Thursday, October 31, 2013

And I bet that they didn't check the applicants' homes for violent video games either - polygraph tests and employment

Well, we now have our latest example of government incompetence, and both Bush and Obama are implicated. Witness this shocking revelation:

But what the media and other agency watchdogs ignored are carefully parsed statements by the CBP that place the quality and character of its workforce in even deeper jeopardy. The surge of CBP recruits to the training academy began in 2006. CBP’s own figures, for example, show that Border Patrol recruits to the academy doubled from 2005 to 2006, then doubled again the following year; there were 926 trainees in 2005, 1,889 in 2006, and 3,912 in 2007.

However, CBP Internal Affairs waited until 2008, fully three years after the surge in recruitment by the CBP, to begin “…implementing a requirement that CBP conduct polygraph examinations of all prospective CBP law enforcement agents and officers by January 2013.”...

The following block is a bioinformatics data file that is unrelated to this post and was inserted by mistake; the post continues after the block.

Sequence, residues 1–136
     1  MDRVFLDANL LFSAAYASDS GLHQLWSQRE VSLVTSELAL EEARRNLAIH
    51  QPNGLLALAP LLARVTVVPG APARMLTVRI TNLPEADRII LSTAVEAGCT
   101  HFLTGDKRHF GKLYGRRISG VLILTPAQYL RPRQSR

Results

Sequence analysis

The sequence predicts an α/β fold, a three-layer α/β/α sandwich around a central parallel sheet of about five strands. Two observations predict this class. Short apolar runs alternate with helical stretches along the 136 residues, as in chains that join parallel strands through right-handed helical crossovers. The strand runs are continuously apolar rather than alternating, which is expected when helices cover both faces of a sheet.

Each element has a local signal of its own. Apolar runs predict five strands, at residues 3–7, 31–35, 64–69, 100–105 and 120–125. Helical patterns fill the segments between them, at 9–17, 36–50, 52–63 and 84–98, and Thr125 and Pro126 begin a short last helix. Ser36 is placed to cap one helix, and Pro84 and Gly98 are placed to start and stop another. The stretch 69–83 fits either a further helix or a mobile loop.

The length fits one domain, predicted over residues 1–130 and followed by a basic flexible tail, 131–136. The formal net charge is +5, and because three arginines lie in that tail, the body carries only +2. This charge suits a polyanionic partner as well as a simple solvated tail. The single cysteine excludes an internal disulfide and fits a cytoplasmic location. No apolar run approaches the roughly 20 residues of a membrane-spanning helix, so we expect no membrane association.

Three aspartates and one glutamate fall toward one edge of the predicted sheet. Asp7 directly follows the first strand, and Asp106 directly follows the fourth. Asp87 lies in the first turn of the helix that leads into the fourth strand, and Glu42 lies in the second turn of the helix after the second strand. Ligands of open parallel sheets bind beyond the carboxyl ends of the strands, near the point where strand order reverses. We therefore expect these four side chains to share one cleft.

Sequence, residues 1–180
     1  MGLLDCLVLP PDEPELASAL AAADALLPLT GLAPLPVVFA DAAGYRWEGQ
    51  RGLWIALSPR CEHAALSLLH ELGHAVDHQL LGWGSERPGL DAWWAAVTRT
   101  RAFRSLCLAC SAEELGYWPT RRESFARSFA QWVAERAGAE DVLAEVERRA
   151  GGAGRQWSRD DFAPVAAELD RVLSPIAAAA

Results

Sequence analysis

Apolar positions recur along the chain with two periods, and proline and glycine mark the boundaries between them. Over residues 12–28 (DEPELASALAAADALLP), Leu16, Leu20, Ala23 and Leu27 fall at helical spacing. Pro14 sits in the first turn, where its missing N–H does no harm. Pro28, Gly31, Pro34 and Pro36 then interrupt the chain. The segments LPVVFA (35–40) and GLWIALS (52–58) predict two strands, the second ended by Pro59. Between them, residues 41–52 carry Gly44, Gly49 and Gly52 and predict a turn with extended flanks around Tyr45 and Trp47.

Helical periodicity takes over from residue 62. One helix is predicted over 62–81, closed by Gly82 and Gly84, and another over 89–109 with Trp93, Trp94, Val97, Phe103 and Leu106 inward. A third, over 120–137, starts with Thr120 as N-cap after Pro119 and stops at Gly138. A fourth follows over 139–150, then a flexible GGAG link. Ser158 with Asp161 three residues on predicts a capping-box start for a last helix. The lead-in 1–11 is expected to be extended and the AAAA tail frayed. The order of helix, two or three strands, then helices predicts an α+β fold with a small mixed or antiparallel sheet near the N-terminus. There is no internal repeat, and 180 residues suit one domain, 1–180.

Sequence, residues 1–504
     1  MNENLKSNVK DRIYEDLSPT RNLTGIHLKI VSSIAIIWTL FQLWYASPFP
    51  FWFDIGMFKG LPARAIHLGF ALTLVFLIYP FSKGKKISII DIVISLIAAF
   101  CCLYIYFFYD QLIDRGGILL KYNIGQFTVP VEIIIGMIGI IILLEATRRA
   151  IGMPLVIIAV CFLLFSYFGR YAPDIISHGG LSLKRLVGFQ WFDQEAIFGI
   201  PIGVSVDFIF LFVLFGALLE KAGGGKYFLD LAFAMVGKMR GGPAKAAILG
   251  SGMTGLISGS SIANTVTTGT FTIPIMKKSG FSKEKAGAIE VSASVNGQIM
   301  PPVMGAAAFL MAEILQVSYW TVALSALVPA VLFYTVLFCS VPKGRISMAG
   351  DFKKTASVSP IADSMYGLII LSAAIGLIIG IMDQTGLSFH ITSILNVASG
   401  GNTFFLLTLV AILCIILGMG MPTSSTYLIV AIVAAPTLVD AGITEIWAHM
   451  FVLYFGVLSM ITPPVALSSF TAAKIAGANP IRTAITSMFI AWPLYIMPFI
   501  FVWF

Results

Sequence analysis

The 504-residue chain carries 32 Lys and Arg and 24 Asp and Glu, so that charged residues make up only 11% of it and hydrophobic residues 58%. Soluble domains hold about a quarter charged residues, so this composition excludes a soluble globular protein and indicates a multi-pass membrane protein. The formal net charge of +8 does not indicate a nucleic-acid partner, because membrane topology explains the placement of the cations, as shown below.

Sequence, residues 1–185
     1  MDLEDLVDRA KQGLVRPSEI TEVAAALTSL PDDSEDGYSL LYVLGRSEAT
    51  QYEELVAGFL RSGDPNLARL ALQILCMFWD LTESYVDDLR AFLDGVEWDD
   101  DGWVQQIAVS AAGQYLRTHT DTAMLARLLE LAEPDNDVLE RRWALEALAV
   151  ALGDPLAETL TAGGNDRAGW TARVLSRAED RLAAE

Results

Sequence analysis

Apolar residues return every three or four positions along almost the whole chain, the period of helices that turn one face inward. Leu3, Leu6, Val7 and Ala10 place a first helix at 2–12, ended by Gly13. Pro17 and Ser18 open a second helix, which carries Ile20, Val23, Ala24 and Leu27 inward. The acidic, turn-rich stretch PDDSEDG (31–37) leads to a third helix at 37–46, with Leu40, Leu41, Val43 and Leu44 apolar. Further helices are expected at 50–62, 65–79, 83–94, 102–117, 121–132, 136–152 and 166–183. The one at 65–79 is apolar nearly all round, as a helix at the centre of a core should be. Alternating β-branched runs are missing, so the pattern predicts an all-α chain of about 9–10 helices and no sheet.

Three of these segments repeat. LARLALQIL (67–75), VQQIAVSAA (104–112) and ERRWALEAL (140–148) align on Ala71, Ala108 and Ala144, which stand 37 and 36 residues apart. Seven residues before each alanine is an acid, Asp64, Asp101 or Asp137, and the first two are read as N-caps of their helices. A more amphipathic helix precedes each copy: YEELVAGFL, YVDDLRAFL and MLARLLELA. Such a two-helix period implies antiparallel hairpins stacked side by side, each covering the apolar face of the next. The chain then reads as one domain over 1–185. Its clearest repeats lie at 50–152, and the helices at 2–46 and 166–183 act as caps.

Does CBP have the numbers of agents and officers who were never given the polygraph? Has it identified them as possible risks? Has it followed up with regularly scheduled polygraphs of all agents and officers? The answer to all of these questions seems to be “no.”

A pretty sexy story - Customs and Border Protection, required by law to implement polygraph tests, failed to do so in some instances. And you know what that means! It means...well, what does it mean?

Let's ask the National Academy of Sciences (yeah, I know them), who issued a 2003 report on the scientific basis behind polygraph tests. Here's an excerpt:

Almost a century of research in scientific psychology and physiology provides little basis for the expectation that a polygraph test could have extremely high accuracy.

So, what does CBP's polygraph failure mean? We really don't know.
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